Tuesday, May 6, 2014

Straight Chatting from the Library: P.M. Carlson


P.M. Carlson has stopped by The Library today as part of her virtual book tour organized by Goddess Fish Promotions. There's a Rafflecopter giveaway at the end of this post--you might win a $50 Amazon gift card. You can see the other stops on the tour here: http://goddessfishpromotions.blogspot.com/2014/03/virtual-book-tour-maggie-ryan-mystery.html.

READ THE INTERVIEW


Do you have any tattoos?

Not yet. If I get one it’ll probably be a Mayan calendar symbol, 8 Junajpu, the day I was born. My US parents were living in Guatemala at the time, and I’ve always felt especially close to that little country. Junajpu is one of the twenty day lords, and in Maya mythology he’s one of the hero twin gods who defeat the Lords of Death after many adventures. For a tattoo I’d look at the carved stone stelae of the classical Maya to find a good Junajpu glyph to copy. The Maya religion teaches that we are all part male and part female (their priests are known as “motherfathers”) and that’s a comforting idea for a writer who has to write from the point of view of both genders. In divination they use the midline of the body in divination to distinguish male (right) from female (left) messages, so I’d get my Junajpu tattoo somewhere on the midline, probably forehead or belly.

What are you working on right now?

The Mystery Company/Crum Creek Press is bringing out all eight Maggie Ryan mysteries, which were written back in the 1980’s and set in the late ‘60’s and ‘70’s. I’m proofreading and double-checking a few facts, but mostly I’m having a great time rereading books that were based loosely on a lot of my real-life memories. It’s “Oh, I remember when I wore dresses instead of jeans to the theatre,” or “Right, no cell phones back then, so we had to go find a phone booth to call the cops.”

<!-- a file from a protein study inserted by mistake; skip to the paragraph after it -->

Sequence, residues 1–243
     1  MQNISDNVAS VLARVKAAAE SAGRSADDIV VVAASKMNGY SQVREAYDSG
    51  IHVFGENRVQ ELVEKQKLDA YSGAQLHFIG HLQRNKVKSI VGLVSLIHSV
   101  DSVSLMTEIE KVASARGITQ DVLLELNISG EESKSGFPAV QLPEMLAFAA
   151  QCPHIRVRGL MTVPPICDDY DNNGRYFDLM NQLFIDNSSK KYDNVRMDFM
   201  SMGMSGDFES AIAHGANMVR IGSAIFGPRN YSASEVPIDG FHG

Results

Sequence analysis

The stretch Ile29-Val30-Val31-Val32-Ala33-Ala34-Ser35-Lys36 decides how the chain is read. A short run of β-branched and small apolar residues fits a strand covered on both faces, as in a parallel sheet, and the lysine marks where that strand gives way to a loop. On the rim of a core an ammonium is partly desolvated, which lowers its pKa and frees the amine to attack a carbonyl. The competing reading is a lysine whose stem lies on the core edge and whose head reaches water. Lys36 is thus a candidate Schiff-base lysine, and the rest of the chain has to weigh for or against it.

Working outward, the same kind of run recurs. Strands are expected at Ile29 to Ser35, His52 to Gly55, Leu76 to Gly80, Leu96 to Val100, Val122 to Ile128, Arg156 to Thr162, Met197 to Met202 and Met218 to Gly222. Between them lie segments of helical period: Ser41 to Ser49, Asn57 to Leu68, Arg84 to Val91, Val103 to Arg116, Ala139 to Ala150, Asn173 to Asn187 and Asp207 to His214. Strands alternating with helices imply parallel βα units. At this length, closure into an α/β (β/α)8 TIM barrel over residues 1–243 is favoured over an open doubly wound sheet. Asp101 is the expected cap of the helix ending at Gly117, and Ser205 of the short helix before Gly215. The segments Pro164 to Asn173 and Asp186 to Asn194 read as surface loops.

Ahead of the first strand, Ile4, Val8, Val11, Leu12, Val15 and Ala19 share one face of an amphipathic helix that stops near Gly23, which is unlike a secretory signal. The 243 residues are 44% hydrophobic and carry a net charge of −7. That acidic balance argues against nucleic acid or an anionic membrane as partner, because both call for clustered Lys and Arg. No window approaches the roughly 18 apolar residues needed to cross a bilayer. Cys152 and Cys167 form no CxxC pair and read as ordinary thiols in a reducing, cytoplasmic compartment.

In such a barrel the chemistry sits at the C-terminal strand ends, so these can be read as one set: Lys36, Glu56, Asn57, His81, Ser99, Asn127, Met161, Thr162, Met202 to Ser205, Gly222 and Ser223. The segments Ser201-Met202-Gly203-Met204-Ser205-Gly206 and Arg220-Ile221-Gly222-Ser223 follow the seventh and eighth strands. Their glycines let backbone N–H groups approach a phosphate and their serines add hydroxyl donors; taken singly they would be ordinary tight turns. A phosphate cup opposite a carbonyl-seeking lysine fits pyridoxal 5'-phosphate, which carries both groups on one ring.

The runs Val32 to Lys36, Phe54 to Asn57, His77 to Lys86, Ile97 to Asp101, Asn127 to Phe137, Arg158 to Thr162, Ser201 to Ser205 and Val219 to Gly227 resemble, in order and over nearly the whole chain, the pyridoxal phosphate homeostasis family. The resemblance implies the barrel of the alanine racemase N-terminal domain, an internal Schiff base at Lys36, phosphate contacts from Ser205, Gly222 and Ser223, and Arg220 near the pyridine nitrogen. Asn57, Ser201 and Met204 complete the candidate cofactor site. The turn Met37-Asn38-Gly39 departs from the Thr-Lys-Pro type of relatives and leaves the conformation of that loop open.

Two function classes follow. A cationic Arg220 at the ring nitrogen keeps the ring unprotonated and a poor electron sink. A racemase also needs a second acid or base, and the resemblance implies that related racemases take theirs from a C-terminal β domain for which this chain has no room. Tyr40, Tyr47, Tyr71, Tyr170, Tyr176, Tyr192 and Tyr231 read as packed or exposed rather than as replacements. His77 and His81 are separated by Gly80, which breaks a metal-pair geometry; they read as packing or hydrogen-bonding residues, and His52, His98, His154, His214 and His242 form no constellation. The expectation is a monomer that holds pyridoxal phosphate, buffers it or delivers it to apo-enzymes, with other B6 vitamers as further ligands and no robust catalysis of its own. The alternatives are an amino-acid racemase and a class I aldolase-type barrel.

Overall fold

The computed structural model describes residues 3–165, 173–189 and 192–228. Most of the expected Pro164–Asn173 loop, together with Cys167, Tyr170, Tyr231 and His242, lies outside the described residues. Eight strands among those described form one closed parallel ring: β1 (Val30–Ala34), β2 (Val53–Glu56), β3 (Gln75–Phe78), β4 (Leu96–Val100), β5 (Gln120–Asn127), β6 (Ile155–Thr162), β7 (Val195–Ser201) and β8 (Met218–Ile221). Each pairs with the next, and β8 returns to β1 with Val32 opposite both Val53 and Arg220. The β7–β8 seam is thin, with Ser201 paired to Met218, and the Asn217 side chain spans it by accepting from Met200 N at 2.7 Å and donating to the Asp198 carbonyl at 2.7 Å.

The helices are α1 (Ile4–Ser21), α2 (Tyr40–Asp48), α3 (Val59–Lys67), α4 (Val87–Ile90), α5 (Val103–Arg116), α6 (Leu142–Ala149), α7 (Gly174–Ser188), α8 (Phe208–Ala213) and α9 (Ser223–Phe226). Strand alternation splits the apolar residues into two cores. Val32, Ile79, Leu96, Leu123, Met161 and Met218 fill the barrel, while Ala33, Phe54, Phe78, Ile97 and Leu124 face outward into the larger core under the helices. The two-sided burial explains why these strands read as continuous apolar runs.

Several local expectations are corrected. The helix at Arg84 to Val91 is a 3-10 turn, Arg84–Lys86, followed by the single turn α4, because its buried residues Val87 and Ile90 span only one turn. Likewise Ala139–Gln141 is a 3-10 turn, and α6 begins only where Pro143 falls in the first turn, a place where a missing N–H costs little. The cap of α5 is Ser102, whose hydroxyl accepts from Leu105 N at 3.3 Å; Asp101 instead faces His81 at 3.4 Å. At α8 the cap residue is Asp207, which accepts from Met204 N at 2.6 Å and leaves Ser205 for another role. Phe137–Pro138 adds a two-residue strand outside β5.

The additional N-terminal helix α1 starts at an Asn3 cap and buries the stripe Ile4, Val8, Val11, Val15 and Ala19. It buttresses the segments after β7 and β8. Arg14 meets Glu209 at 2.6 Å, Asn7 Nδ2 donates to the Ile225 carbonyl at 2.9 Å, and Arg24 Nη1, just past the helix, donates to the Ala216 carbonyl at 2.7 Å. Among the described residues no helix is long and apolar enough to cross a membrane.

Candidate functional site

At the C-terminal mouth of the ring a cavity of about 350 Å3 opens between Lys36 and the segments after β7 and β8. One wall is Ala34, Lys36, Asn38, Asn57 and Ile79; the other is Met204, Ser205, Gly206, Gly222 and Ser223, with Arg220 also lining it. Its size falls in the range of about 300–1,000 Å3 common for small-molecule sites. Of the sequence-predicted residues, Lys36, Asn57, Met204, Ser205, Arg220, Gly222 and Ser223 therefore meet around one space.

What do you think you’re really bad at?

I’m really bad at dancing. I flunked out of ballet at age three and went downhill from there. But I love watching good dancers, Mark Morris and Matthew Bourne and Broadway musicals and the amateur square dancers at our small town’s pavilion in the summer.

Any weird things you do when you’re alone?

I secretly dance with my dog. He’s better coordinated but I have a better sense of rhythm.

Tell us something about MURDER UNRENOVATED that isn’t in most of the summaries.

One of my favorite characters in MURDER UNRENOVATED is Julia, who is a Dorothy Parker fan (as I am). In Julia’s head, Parker comments on the problems she encounters. Julia is the kind of smart, tough older woman I admire, even though in the book she locks horns with Nick and Maggie almost immediately.

READ THE BLURB


MURDER UNRENOVATED (Maggie Ryan 1972)
An Anthony Award nominee. A Macavity Award nominee.

Maggie and Nick hope to buy a lovely old brownstone. It looks like a dream house for a young couple expecting their first child, but problems show up. It needs renovation. There's a stubborn tenant who refuses to move out.

And then there's the corpse on the top floor. . . .

ABOUT MURDER UNRENOVATED, A 1989 NOMINEE FOR MACAVITY AND ANTHONY AWARDS

“Terrific characters, funny incidents, genuine suspense, and an absolutely right sense of period and place." -- Tom and Enid Schantz, THE PURLOINED LETTER

READ AN EXCERPT


Nick and Maggie stood on the sidewalk looking up at Lund’s building. It was narrow, chocolate-colored, three tall stories above a raised basement. A third-story oriel window and a band of vestigial crenellation completed the rugged trim. Nick said, “A forted residence ‘gainst the tooth of time.”

An actor, Len remembered.

He said, “Well, shall we go in? Start at the bottom.” If he hit them with Mrs. Northrup first, they’d have time to see another place. He led the way through the iron gate under the tall front stoop and down a hall ringing with a radio preacher’s voice.